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L.A. County continues to report decline in coronavirus cases but officials urge caution at events

A healthcare worker waves his hand as he calls up the next person in line at a COVID-19 testing site
A healthcare worker waves his hand as he calls up the next person in line at a COVID-19 testing site operated by CORE in Los Angeles on Jan. 4.
(Jae C. Hong / Associated Press)
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Los Angeles County health officials Saturday reported that the recent surge in COVID-19 cases fueled by the Omicron variant was abating but urged people to continue to take precautions, especially in light of upcoming events that could further spread the virus.

The county recorded 21,709 coronavirus cases Saturday, a 45% decline from a week ago when there were 39,117 cases, the public health department said in a news release.

The daily positivity rate also fell below 10% for the first time since Dec. 23, and the number of people hospitalized with COVID-19 dipped below 4,000 for the first time since Jan. 12, officials said. There were 3,998 COVID-19 patients in Los Angeles County hospitals as of Friday, a decline of nearly 10% from two weeks before, when there were 4,386.

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The county reported 73 new deaths Saturday, bringing the total number of people who have died from the pandemic in L.A. County to more than 28,800. Weekly average deaths have increased by nearly 161% over the past 14 days, according to the Los Angeles Times coronavirus tracker. That follows a nationwide trend, with the daily American death toll higher than during last fall’s Delta wave, and deaths are expected to keep rising for days or weeks.

The decline in most metrics comes as numerous family gatherings and community events are scheduled to mark the Lunar New Year this coming week. And the L.A. Rams will play the San Francisco 49ers at SoFi Stadium in Sunday’s NFC Championship game with a trip to the Super Bowl — scheduled in Inglewood two weeks later — on the line.

“With multiple opportunities for gathering and celebrating in the coming days, including cheering on the LA Rams, following sensible safety measures will allow us to continue our recent decline,” Barbara Ferrer, the county public health director, said in a statement. “For residents who are at high-risk, including those older, immunocompromised, or with underlying health conditions, gatherings can be especially risky given the still high rates of transmission.”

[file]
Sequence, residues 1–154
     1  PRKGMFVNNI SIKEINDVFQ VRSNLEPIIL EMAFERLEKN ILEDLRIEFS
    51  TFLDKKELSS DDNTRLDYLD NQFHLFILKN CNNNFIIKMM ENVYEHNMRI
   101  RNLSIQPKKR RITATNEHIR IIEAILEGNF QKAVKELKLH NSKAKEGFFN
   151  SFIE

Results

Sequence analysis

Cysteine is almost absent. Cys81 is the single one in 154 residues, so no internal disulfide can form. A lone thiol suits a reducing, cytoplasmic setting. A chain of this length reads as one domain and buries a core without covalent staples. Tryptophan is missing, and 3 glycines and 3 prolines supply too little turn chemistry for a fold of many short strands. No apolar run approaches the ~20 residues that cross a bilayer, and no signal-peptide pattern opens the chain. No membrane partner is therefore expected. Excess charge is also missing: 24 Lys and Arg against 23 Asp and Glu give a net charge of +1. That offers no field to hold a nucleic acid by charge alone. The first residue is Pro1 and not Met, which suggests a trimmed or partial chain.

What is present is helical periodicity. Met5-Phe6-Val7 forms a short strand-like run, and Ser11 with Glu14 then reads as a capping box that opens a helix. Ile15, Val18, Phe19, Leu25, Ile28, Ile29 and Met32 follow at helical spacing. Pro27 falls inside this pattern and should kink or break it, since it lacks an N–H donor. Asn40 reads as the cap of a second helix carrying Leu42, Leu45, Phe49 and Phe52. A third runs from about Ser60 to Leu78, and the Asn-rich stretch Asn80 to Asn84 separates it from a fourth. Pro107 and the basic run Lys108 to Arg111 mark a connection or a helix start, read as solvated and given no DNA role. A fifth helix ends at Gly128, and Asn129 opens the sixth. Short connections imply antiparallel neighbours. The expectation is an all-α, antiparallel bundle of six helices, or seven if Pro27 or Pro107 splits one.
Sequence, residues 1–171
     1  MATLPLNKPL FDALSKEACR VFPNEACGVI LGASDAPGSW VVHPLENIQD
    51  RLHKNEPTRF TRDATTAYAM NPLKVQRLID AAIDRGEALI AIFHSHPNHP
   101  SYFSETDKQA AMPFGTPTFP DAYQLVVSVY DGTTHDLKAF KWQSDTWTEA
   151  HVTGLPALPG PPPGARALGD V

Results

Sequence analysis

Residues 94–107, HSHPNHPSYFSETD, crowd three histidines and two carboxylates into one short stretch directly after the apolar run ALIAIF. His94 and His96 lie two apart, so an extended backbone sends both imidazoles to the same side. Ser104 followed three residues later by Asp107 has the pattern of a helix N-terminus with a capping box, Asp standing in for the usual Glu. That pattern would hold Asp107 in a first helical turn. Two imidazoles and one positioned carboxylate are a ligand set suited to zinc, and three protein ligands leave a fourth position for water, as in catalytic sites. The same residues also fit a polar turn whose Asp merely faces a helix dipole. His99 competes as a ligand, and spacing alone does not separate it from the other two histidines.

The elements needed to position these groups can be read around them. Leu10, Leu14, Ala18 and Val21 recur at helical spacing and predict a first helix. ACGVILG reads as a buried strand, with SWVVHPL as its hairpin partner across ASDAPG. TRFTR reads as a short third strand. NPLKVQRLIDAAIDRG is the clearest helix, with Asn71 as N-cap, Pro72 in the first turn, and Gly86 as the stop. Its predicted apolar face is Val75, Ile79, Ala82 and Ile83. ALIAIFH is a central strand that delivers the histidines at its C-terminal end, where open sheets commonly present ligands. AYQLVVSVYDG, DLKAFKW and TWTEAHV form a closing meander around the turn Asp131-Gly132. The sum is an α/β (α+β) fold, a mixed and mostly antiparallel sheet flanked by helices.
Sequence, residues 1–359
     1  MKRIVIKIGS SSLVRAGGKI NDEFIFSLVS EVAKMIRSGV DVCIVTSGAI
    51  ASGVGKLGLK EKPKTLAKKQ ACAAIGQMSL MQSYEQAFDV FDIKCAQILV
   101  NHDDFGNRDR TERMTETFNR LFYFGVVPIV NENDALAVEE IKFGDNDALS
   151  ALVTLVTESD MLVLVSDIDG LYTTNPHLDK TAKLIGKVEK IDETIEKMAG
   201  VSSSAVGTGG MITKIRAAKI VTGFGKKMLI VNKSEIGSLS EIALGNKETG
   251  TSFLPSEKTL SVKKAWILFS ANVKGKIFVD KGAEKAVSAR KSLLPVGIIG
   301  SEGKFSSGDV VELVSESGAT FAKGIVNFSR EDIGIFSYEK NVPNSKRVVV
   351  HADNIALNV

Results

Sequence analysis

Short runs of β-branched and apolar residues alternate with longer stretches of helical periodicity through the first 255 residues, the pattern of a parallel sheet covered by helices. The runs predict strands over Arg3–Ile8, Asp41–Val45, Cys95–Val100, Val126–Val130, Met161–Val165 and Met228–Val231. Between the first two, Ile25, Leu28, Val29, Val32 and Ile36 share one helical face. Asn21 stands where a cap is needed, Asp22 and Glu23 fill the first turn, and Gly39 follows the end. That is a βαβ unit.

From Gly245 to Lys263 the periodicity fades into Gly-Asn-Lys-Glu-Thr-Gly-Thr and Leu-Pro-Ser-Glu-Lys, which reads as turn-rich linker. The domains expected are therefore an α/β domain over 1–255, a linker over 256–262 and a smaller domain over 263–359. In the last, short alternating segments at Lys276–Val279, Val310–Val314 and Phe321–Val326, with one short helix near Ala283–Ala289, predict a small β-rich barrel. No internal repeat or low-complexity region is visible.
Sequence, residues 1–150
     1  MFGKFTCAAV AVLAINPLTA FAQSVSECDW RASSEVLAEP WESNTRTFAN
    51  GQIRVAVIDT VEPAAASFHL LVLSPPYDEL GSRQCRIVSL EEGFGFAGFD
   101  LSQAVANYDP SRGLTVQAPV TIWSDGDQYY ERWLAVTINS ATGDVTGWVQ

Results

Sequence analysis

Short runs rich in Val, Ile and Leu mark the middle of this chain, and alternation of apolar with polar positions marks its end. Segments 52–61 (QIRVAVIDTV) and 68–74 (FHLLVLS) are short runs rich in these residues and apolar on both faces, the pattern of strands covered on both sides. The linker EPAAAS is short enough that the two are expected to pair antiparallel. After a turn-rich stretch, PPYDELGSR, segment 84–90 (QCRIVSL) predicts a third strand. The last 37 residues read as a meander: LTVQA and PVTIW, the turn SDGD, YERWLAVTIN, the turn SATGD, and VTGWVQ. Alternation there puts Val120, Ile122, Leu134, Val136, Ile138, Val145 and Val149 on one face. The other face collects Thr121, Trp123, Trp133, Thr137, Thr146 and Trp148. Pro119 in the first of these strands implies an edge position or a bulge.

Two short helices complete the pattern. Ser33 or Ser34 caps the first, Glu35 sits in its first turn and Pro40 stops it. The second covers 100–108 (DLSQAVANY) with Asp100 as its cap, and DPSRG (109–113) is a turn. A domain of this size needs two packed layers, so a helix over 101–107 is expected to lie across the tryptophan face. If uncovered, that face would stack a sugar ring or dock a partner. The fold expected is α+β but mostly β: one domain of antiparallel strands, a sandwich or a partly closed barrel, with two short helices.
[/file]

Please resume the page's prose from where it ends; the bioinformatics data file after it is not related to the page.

People who plan on gathering should get tested before getting together with others, move activities outdoors if possible and wear a mask when indoors or in crowded places, she said. People should not host or go to gatherings if they are sick, the public health department added.

The county also reported a number of active outbreaks at jails, prisons and other correctional and law enforcement settings, with 9,948 residents infected, as well as 3,509 staffers. Forty people have died, according to the public health department’s website.

They included L.A.’s Twin Towers Correctional Facility, which recorded 3,598 cases among residents, 948 among staff and seven deaths; North County Correctional Facility in Castaic, which recorded 1,729 cases among residents, 204 among staff and three deaths; California State Prison, Lancaster, which recorded 1,591 cases among residents, 441 among staff and 14 deaths; and Men’s Central Jail, which recorded 1,263 cases among residents, 447 among staff and 12 deaths.

The surge comes as Gov. Gavin Newsom and the correctional officers union have continued to appeal a federal judge’s order that all employees should be vaccinated to protect the rights and health of those serving prison sentences.

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L.A. County’s public health department reported an additional 405 active outbreaks at workplaces, food and retail stores that have infected a combined total of at least 10,000 workers but said no deaths have yet been linked to them.

Times staff writers Luke Money, Rong-Gong Lin II and Richard Winton contributed to this report.

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